All across Europe mid-summer fires have been lit for centuries. The fires at the feast of St. John are an example. The bonfires on 12thJuly in Northern Ireland are another example, slightly later than mid-summer due to the vagaries of papal calendars and the colonial depredations of Dutch and English kings. 

In Albi, the fire isLe Feu deSt Jean, litin front of the great brick cathedral of St Cecile. She is the patron saint of music in the Christian tradition and there are musicians and dancers in the square, organised by devotees of the language and culture of Occitan. Albi is very much in modern France, but on this night an ancient pagan ritual of earth, fire, dark and water, with people eating and drinking in family and friendship groups, small groups as in BLINDNESS, is enacted to celebrate and to stimulate the sun.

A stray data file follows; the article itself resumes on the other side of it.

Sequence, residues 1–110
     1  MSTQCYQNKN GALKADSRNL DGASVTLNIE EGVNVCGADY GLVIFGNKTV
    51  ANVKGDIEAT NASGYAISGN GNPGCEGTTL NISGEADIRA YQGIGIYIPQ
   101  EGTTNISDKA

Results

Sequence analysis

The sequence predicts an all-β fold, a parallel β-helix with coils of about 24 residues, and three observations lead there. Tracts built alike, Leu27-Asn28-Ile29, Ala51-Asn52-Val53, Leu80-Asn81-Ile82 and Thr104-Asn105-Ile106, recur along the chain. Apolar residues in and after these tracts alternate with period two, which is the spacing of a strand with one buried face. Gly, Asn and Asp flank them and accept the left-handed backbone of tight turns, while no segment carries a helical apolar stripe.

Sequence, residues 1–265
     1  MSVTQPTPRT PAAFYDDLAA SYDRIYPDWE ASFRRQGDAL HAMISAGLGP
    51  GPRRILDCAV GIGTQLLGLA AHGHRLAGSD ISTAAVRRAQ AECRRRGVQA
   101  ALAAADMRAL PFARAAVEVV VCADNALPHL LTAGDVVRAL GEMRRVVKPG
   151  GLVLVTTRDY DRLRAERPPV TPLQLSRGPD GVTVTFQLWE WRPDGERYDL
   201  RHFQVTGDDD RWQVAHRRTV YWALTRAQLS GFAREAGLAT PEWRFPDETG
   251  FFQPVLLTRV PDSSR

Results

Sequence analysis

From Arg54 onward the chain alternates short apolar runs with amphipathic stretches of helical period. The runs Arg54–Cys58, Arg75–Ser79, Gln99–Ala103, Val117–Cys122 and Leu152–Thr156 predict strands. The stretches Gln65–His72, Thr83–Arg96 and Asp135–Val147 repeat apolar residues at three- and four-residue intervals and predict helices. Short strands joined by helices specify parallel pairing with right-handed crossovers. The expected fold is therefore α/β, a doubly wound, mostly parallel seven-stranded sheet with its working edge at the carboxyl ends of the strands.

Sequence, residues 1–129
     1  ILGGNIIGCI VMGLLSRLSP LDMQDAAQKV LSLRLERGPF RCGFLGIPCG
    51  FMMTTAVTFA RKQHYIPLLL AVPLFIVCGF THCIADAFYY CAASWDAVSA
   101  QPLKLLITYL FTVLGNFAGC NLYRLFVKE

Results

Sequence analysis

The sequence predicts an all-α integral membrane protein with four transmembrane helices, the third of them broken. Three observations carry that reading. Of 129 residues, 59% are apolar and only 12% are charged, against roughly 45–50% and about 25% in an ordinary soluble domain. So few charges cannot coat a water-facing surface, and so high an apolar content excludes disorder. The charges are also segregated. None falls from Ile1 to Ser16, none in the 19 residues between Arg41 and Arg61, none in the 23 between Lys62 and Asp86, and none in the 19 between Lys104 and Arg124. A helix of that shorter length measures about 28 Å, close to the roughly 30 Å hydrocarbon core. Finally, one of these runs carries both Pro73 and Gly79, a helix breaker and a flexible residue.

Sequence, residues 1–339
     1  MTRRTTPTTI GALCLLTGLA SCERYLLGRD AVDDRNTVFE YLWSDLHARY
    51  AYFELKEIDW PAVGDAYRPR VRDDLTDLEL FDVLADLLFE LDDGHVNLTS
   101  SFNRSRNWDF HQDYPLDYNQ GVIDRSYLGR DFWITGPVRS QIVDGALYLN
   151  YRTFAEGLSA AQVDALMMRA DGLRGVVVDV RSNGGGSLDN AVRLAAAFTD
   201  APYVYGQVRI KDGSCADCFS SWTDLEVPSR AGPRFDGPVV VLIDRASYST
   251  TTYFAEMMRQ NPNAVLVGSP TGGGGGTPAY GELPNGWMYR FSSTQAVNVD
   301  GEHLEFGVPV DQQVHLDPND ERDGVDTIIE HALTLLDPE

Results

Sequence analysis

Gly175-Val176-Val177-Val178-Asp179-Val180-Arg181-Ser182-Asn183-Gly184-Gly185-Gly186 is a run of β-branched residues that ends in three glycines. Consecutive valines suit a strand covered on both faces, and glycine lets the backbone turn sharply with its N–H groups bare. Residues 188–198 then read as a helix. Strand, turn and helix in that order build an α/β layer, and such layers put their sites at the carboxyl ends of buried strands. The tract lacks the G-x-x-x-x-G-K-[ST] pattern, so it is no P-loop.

Food stalls are arranged around the Cathedral square. We enjoy savoury pancakes and aligot, with local sausage. We drink wine and beer. A band plays and sings in Occitan, surprisingly vital for a dead language. The brick edifice of the Cathedral, both citadel and church, acclaimed by UNESCO as a beacon of world heritage, looms over us all, reddening further, then darkening as daylight leaves the scene to stars and an ill-formed milky-white moon.

The Cathedral towers above the square as power-over, but the Le Feu de Saint Jean event spreads out as power-with among the descendants of the men and women who fired the terra cotta bricks from Tarn river clay and gave us the built heritage we admire and preserve.